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Posted: 8/23/2009 1:11:33 PM EST
Can you heat treat Aluminum to harden it with mepp gas and oil (or water) like steel?
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Posted: 8/23/2009 1:15:17 PM EST
I don't believe so. Why do you want to harden it? There are plating methods that can increase wear resistance. And of course different alloys that are more durable
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Posted: 8/23/2009 1:15:49 PM EST
Short answer - No.

Aluminum does not behave like ferrous metals.

Heat treatment of aluminum is a complex subject.

See this for an overview.
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Posted: 8/23/2009 1:16:05 PM EST
No. Its not the same.
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Posted: 8/23/2009 1:16:15 PM EST
I'm pretty sure aluminum will just melt, not harden.
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Posted: 8/23/2009 1:17:42 PM EST
Nope, it doesn't react like steel, it takes a different process.

http://www.keytometals.com/Article7.htm

And that only works with the right alloys.
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Posted: 8/23/2009 1:20:39 PM EST
You can anodize aluminum, which is similar to case hardening it.
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Posted: 8/23/2009 1:20:55 PM EST
Thanks for the info and the links
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Posted: 8/23/2009 1:23:54 PM EST
Anodize & Hard coat anodize will make it harder similar to case hardening. There are also Teflon-like coating that will help with wear.
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Posted: 8/23/2009 1:33:46 PM EST
You don't want to introduce carbon to Al, especially via any attempts with oil or other petroleum distillates.
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Posted: 8/23/2009 1:46:28 PM EST
What they said, and in before Keith_J
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Posted: 8/23/2009 1:47:48 PM EST

Originally Posted By CarbineDad:
What they said, and in before Keith_J




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Posted: 8/23/2009 1:52:42 PM EST
Anodizing is at best still just a passivization process, it will not produce results anything like case hardening steel.

Parkerising or Bluing steel is more what Anodizing is.

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Posted: 8/23/2009 1:55:41 PM EST
[Last Edit: 8/23/2009 2:00:15 PM EST by azsavage]
How thick can the anodization layer be made with aluminum? I was just thinking - if you could make the layer thick enough and then have multiple layers that might have some interesting properties. Aluminum oxide is 9 on the hardness scale - just one step below diamonds. I wonder how a veneer of thousands of layers of aluminum (microns thick) and aluminum oxide would do for bullet resistance. The oxide is harder than ceramic (like used in ballistic plates) but the amuminum would provide strength.
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Posted: 8/23/2009 1:57:42 PM EST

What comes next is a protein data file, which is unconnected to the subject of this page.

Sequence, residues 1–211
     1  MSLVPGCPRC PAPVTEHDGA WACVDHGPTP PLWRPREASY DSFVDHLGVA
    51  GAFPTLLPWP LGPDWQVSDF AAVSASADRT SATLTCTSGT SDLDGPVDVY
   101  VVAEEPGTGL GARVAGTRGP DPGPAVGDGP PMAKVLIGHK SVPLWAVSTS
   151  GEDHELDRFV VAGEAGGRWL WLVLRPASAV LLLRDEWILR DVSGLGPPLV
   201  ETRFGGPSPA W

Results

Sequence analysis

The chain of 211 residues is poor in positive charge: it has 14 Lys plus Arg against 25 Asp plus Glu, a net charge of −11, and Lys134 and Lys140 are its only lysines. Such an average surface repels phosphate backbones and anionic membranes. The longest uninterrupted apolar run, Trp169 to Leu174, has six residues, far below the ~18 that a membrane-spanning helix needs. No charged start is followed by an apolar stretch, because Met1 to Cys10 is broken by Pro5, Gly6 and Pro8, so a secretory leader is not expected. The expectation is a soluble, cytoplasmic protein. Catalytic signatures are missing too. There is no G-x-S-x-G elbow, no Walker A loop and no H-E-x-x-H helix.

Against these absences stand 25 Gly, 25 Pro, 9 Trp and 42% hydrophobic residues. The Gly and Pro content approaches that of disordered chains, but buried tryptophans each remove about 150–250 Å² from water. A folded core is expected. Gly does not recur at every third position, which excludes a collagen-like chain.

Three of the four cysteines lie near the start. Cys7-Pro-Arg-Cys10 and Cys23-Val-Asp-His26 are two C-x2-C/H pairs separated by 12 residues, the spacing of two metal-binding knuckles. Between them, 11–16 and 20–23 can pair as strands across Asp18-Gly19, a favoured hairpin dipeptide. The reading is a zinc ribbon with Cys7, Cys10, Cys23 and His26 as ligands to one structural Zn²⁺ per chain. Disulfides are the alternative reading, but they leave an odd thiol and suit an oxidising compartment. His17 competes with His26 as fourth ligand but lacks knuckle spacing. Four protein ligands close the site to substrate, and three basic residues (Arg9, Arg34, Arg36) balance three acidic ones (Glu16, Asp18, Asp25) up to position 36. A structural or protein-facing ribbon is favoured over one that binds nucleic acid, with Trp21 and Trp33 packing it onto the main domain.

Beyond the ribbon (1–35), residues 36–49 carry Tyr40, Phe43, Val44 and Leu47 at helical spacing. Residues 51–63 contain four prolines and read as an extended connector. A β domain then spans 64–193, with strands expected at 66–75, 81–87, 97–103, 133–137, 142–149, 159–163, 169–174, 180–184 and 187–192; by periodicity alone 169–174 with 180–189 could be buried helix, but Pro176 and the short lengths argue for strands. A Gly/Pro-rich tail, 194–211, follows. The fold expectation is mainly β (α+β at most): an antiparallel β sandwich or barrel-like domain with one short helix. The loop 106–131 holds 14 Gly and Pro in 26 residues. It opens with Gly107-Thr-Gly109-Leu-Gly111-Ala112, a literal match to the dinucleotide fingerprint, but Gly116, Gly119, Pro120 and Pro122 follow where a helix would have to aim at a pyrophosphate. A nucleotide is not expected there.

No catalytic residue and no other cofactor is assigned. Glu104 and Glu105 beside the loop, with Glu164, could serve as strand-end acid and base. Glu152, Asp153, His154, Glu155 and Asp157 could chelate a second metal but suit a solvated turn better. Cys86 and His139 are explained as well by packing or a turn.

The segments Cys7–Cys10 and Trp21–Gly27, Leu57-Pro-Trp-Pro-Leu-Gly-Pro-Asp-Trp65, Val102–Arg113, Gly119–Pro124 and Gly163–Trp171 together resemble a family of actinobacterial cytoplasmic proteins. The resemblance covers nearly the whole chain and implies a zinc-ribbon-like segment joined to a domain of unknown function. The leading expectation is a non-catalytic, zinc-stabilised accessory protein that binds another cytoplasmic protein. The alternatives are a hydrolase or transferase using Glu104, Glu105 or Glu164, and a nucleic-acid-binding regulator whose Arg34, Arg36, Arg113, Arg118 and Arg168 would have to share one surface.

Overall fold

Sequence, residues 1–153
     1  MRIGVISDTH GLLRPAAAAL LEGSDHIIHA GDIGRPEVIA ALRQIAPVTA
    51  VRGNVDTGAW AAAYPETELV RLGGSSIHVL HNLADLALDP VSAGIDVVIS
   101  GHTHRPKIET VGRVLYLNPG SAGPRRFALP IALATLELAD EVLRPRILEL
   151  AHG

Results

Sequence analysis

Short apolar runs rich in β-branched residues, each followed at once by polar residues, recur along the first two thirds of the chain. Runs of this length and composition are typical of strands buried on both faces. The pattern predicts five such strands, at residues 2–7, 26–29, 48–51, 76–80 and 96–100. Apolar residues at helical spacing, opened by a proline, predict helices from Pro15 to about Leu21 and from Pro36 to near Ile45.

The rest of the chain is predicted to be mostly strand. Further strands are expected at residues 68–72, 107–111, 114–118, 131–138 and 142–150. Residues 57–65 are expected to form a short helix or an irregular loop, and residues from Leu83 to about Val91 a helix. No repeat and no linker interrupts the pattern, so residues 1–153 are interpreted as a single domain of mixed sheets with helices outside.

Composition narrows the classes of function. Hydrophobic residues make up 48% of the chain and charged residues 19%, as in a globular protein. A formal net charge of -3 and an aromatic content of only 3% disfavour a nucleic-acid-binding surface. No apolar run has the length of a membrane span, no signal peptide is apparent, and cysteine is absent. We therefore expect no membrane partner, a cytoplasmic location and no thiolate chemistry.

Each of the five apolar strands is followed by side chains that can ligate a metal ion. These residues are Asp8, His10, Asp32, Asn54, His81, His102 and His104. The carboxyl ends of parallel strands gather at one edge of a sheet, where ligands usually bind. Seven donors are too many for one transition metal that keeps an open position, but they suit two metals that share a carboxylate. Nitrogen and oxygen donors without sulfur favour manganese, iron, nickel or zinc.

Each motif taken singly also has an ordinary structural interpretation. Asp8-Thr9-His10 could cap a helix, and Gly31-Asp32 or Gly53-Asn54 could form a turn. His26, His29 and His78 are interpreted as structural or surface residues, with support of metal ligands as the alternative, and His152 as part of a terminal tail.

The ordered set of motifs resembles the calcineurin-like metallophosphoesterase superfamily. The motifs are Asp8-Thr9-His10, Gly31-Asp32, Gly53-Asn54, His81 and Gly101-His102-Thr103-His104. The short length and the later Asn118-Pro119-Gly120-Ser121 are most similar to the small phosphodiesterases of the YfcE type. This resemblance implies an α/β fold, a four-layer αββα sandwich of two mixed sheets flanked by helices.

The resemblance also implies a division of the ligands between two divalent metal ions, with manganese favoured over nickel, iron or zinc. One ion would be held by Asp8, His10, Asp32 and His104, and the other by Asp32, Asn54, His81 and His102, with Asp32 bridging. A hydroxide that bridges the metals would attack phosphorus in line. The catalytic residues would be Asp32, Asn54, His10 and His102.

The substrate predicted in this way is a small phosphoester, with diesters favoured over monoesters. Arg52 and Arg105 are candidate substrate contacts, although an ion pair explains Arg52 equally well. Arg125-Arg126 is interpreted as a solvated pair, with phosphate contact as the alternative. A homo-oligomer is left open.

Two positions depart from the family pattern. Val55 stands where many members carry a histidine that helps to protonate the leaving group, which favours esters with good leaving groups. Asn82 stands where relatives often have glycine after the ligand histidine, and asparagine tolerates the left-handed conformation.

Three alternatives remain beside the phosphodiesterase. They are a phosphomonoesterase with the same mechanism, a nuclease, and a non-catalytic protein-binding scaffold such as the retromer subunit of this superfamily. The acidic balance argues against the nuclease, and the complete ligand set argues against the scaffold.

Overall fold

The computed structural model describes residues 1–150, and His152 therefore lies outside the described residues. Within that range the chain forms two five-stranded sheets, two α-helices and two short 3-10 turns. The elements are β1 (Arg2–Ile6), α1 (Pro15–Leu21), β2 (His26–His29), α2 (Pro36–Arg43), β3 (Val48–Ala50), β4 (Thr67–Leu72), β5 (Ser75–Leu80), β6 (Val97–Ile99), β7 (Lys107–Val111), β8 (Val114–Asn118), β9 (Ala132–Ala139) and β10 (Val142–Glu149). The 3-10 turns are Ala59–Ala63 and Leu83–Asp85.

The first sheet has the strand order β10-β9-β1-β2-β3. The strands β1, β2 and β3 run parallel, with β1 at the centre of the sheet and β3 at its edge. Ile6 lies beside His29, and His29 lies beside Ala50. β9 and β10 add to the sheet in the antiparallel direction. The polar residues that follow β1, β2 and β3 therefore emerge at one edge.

[Last Edit: 8/23/2009 2:03:24 PM EST by Dave_A]

Originally Posted By flashbag:
Can you heat treat Aluminum to harden it with mepp gas and oil (or water) like steel?

AL can be heat treated...

The various tempers (T-numbers) are heat-treated AL (T stands for Thermal)....

For example, '0' metal is untreated (you can bend/shape it with your bare hands), T-6 is very hard (and brittle - pain in the ass to bend)...

At my old unit in Korea, we had an oven for heat-treating AL aircraft parts...

THAT SAID...

AL is not *easily* heat-treated with 'home' materials....

The whole 'gas torch and dunk in oil' thing is more likely than not to fail... AL is also flammable, esp in dust form....

It's not steel... Nowhere near as 'easy'.....
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Posted: 8/23/2009 1:59:58 PM EST
[Last Edit: 8/23/2009 2:01:40 PM EST by TimeTraveler]
Yes. Aluminum can be aged hardened at a given temperature in an "Auto Clave"(Vaccume). It's not anything like hardening steel but it can be hardened for strength. Many aircraft parts go through this proccess. I believe it is only for thinner parts. TT

Hah. Dave_A beat me to it.
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Posted: 8/23/2009 2:01:42 PM EST
[Last Edit: 8/23/2009 2:02:53 PM EST by Dave_A]

Originally Posted By TimeTraveler:
Yes. Aluminum can be aged hardened at a given temperature in an "Auto Clave"(Vaccume). It's not anything like hardening steel but it can be hardened for strength. Many aircraft parts go through this proccess. I believe it is only for thinner parts. TT

It's for thin, complex-shaped parts that cannot be made from the 'right' temper of aluminum alloy without cracking issues...

So, to prevent cracking, you make the part from 'O metal' (Annealed AL) and you then harden it to the right temper...
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Posted: 8/23/2009 2:01:48 PM EST
[Last Edit: 8/23/2009 2:02:02 PM EST by safe1]
Originally Posted By azsavage:
How thick can the anodization layer be made with aluminum? I was just thinking - if you could make the layer thick enough and then have multiple layers that might have some interesting properties. Aluminum oxide is 9 on the hardness scale - just one step below diamonds,.